May 2nd, 2016

anderson paak malibu

Title: Malibu

Artist: Anderson .Paak

Label: Steel Wool / Obe

Formats: CD, LP, digital

Release date: January 15, 2016

 

 

If you aren’t already familiar with Anderson .Paak, prepare to get comfortable seeing and hearing him everywhere. Those words might sound like cliché “next big thing” filler, but with .Paak’s recent association with Dr. Dre, appearing on 6 tracks of Dre’s Compton release and his recent signing to Aftermath Records, it’s clear that this up-and-comer has up-and-came. What’s also clear is that .Paak is entirely deserving of this and future success not because of his tragically difficult background, but because of his resplendently smooth and positive neo-soul sound.

There is something completely and intentionally California about .Paak’s music. His first two full length albums, Venice (2015) and Malibu (2016) put his home state right in their titles, and beautifully reflect the combination of abject poverty and natural beauty that draws people in and can sometimes keep them down. “The City,” the third track on Venice introduces that conflict with a sample of someone making reference to Venice, CA’s derogatory nickname—“The Slum by the Sea.”

That juxtaposition—beauty and poverty, oppression and optimism—is what makes .Paak so compelling. His music doesn’t shy away from straight talk about life’s hustle, but it never allows itself to be pulled down into deep negativity.

A prime example comes from “The Dreamer,” one of Malibu’s most successful tracks to date:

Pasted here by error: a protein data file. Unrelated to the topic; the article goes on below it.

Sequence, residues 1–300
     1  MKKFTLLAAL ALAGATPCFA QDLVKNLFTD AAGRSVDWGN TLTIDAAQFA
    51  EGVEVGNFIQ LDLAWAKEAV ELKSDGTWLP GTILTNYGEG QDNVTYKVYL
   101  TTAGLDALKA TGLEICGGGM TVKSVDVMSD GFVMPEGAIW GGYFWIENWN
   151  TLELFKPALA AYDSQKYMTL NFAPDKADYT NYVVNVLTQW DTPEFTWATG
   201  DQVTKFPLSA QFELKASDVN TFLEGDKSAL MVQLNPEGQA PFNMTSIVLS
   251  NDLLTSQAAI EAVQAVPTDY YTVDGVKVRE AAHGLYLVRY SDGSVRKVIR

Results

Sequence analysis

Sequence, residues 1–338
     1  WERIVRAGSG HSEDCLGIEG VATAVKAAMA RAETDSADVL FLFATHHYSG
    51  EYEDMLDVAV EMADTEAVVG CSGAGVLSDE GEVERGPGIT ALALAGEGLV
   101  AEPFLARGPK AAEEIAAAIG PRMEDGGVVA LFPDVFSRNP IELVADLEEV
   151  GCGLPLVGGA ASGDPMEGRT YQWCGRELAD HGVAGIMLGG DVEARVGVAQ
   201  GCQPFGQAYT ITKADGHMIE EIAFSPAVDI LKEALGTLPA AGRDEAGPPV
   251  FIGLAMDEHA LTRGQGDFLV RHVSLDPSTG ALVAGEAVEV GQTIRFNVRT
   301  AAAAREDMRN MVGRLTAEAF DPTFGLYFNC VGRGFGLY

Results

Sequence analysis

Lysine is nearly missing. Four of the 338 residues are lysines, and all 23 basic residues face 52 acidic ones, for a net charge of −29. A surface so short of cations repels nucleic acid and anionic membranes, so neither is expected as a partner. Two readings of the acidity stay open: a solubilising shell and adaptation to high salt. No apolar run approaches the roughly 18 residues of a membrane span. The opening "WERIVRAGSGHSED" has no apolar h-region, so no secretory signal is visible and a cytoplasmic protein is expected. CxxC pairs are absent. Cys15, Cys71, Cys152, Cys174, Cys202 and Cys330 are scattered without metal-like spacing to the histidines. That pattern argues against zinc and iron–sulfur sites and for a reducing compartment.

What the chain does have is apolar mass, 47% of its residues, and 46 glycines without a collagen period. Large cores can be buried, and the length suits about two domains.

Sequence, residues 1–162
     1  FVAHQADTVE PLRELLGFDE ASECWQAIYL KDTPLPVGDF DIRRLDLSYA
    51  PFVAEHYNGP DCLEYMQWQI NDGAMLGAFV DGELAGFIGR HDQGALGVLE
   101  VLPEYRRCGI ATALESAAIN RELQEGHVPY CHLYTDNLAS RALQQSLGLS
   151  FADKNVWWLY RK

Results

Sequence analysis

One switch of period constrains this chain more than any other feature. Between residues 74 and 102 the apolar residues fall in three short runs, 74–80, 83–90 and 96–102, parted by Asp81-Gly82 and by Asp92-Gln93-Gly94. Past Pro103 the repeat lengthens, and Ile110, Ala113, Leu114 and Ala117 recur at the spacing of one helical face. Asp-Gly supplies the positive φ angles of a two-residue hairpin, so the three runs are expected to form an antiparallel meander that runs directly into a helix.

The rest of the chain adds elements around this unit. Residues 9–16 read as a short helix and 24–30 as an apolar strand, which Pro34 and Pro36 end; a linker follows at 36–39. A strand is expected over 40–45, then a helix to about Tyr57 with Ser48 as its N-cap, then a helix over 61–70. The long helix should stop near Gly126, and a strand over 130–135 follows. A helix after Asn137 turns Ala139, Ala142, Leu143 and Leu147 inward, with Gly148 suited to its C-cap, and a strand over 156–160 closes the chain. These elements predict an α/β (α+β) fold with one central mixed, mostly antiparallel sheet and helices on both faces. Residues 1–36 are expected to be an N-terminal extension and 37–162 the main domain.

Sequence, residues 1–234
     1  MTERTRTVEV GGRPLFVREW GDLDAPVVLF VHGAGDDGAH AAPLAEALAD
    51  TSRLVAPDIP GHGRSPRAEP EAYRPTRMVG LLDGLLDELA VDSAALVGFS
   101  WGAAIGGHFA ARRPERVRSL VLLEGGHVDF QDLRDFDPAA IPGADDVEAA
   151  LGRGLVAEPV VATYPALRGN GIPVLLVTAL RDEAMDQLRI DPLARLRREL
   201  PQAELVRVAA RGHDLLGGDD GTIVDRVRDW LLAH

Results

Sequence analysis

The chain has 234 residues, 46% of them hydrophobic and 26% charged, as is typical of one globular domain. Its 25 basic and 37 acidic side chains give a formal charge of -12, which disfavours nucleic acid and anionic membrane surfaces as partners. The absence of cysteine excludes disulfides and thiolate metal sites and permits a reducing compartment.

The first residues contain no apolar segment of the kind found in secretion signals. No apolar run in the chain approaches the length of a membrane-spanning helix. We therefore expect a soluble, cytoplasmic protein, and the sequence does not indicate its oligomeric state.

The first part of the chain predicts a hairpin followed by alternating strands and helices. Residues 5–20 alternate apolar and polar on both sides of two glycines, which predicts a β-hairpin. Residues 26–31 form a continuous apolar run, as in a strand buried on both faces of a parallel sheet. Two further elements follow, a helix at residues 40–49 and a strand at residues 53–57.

YouTube Preview Image

Credited as featuring “The Timan Family Choir” (four of Paak’s nieces who love to sing), “The Dreamer” bursts out with a jubilant chorus:

This one’s for all the little dreamers / And the ones who never gave a fuck

I’m a product of the tube and the free lunch / Living room, watching old reruns

And who cares your daddy couldn’t be here? / Mama always kept the cable on

I’m a product of the tube and the free lunch / Living room, watching old reruns

In other hands these lyrics could be depressing, but .Paak arranges the smooth guitar, delicate piano, children’s voice and soulful beat into a jam that celebrates survival and provides the sort of affirmational truth that encourages listeners to keep dreaming.

If anyone would have the right to write depressing music, it would be .Paak. Born Brandon Anderson Paak to a South Korean mother and a father who abused his mother and would later go to jail for drugs, he spent years living on the streets and way below the poverty level. In spite of, or perhaps because of his struggles, .Paak brings the soul to neo-soul. His music doesn’t just practice retro aesthetics but expertly melded decades of African American music into something that feels entirely comfortable while sounding entirely new. A consummate musician, .Paak sings like he’s in church, raps like he’s on the street corner, and drums like he’s in a jazz band.

.Paak has been compared to Frank Ocean and Kendrick Lamar, but the similarities lie more in ethos than sound. .Paak, Ocean, and Lamar represent a new wave of Black musicians who are willing and able to make emotionally resonant music that speaks to the politics of today’s society, while remaining danceable and ready to be bumped from a car on a summer afternoon.

Reviewed by Dorothy Berry

Review Genre(s): Rap and Hip-Hop


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